Wednesday, 29 January 2020
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Going up: Reducing downtime in elevators

Many of today’s elevator systems are experiencing mind-boggling lock ups and loss of programming.

For elevator operation, poor power quality can cause recurring random failures, lockups and deprogramming of human machine interfaces (HMIs) on each floor. (Photo: © CP Automation)

John Mitchell, global sales & marketing director at supply, installation and repair specialist CP Automation, explains how elevator maintenance managers can prevent these annoying occurrences through improved power quality.

Elevators play a crucial role in human logistics and thus present a lucrative opportunity to improve the efficiency of buildings worldwide. Modern buildings are being erected to greater heights than ever before. As a result, newly implemented elevators are required to travel higher and faster than their predecessors. With these changes come a new set of problems and maintenance issues for engineers.

Change in fundamental frequency of power

To manage these new heights, today’s elevator software and hardware are more complex, and therefore more sensitive to fluctuations in power surges. This does not only refer to the strong surges from lightning strikes or utility companies, but also the transient surges that can happen thousands of times a day.

Transient surges are a change in fundamental frequency of power that can occur multiple times a day on the power supply network. These surges are a result of switching operations of inductive loads, such as air-conditioning units, transformers and lift motors.

Surges related to lift motors are most commonly linked with elevator power quality issues. If the lift motor is controlled by a variable frequency drive (VFD), the business may benefit from increased efficiency and reduced energy costs. However, this does not manage the low-level transient surges that can occur countless times a day, exaggerated by VFD usage.

False zero crossings

Transient surges can lead to false zero crossings of the sine wave — the instantaneous point at which there is no voltage present. In a sine wave, this normally occurs twice during each cycle. Devices can be falsely triggered because of fast changing signals caused by transients, as they believe the zero point has been crossed, even when it hasn’t. It can cause confusion for all equipment on the grid.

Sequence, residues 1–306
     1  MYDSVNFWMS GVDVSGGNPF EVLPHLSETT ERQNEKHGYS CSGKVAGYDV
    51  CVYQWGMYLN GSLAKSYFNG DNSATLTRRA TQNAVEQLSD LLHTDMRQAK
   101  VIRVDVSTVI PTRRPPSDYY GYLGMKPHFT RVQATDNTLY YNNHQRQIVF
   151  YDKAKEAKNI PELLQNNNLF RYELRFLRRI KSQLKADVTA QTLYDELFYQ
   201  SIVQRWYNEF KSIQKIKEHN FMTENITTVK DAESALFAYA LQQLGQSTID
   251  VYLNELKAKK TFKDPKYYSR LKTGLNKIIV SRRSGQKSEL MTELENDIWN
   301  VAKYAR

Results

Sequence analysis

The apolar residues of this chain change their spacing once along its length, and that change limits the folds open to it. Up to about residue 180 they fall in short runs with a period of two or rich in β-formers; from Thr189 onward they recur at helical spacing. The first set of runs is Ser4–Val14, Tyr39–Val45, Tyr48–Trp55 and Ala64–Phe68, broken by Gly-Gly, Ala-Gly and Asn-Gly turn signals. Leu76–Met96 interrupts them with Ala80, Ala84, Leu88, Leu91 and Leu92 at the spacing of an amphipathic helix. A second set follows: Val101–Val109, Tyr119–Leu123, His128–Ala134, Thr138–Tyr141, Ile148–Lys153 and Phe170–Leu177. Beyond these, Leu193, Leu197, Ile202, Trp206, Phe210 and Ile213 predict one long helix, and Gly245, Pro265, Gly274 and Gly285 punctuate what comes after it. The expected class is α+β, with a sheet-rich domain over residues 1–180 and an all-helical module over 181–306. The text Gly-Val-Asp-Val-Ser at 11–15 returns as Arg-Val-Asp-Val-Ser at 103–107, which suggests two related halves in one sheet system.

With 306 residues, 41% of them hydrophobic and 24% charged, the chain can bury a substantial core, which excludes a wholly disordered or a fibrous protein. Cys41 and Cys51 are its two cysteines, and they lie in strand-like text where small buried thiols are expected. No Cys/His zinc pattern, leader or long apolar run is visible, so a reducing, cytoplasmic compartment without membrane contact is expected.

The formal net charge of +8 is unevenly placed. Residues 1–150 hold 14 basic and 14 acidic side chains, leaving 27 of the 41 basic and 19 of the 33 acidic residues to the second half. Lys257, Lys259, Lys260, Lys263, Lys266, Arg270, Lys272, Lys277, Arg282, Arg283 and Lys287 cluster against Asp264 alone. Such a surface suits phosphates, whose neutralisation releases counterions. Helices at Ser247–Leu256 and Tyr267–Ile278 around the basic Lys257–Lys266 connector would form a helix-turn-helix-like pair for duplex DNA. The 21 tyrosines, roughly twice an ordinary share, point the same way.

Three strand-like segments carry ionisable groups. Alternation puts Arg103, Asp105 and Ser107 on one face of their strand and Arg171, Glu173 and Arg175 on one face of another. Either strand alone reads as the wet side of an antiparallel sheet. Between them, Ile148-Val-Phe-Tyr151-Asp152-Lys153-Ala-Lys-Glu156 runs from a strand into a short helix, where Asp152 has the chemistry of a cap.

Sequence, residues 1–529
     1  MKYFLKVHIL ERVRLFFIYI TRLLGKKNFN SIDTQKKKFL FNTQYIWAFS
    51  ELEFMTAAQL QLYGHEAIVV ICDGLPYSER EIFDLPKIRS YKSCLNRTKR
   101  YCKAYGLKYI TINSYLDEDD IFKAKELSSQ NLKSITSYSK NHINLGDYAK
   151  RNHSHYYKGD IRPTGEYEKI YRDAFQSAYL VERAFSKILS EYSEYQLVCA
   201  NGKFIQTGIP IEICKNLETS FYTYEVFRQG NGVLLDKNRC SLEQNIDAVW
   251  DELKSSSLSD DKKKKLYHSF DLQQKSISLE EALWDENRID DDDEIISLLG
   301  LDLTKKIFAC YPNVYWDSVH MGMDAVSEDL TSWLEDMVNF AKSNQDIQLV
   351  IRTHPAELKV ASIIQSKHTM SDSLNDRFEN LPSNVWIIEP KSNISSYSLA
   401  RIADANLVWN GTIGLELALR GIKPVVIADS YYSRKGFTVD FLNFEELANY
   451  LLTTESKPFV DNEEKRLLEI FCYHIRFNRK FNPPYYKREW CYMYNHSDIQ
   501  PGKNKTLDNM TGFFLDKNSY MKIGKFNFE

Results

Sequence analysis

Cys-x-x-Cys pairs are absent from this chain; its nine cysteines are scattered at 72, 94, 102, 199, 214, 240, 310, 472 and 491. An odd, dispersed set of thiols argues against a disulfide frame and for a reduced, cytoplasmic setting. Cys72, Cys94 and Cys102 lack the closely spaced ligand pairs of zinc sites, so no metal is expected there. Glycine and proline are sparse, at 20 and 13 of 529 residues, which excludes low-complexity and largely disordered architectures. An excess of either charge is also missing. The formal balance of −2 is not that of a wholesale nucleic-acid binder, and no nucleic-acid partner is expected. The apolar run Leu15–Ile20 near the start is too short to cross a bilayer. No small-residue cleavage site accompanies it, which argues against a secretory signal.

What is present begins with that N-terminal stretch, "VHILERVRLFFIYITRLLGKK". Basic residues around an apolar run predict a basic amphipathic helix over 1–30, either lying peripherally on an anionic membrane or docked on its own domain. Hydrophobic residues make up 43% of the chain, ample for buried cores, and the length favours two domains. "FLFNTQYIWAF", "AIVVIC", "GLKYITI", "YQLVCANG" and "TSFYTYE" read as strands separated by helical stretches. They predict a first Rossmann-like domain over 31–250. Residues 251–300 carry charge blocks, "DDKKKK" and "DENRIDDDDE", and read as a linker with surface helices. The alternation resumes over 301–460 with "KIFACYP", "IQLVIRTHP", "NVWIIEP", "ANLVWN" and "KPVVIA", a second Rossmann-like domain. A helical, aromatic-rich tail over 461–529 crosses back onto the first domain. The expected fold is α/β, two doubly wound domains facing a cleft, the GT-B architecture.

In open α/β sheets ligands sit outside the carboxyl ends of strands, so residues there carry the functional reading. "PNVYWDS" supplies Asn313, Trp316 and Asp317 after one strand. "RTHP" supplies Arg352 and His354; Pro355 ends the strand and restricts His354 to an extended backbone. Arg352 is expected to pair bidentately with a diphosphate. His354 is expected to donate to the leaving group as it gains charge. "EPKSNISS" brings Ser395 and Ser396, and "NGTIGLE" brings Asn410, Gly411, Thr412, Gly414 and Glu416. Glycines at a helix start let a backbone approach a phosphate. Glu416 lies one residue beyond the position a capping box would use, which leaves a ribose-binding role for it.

Whether it is caused by transients or a freak utility power surge, insufficient power quality is destroying many elevators and their related equipment. For elevator operation, this can cause recurring random failures, lockups and deprogramming of human machine interfaces (HMIs) on each floor. However, this downtime and maintenance can be eliminated if the right protection is in place.

SineTamer cascade system

Typical surge protection devices are unable to prevent these issues as they are voltage triggered only. This means built in surge protection systems are not a feasible option. The answer to this problem is using a SineTamer cascade system.

This system offers much more than a standard surge protection device. It is an engineered transient disturbance filter, designed to monitor all 360 degrees of the sine wave. Using 360-degree monitoring, the SineTamer can prevent issues caused by false zero crossings of the sine wave.

Results from the field

In Central America, one business was faced with a major utility generated power surge, destroying several elevators and related equipment in its facility. Yet, right next door, being fed from the same transformer, not a single elevator component was damaged. When investigated, the foreman of the unaffected building explained they had installed SineTamer.

Over in South America, the Montevideo World Trade Centre contained 30 elevator systems, routinely experiencing 5-7 issues daily. In addition to those were the constant deprogramming failure of HMI’s on each of the 22 floors. Upon installation of the SineTamer®, all failures, lockups and loss of programming ceased by 100 per cent.

The planet boasts huge numbers of elevators in operation today as the industry takes on significant growth. As worldwide construction of tall buildings continues to increase, improving management of transient surges will mean that new and old elevators will now have a fairer chance in lasting the test of time — without costly maintenance issues.

John Mitchell

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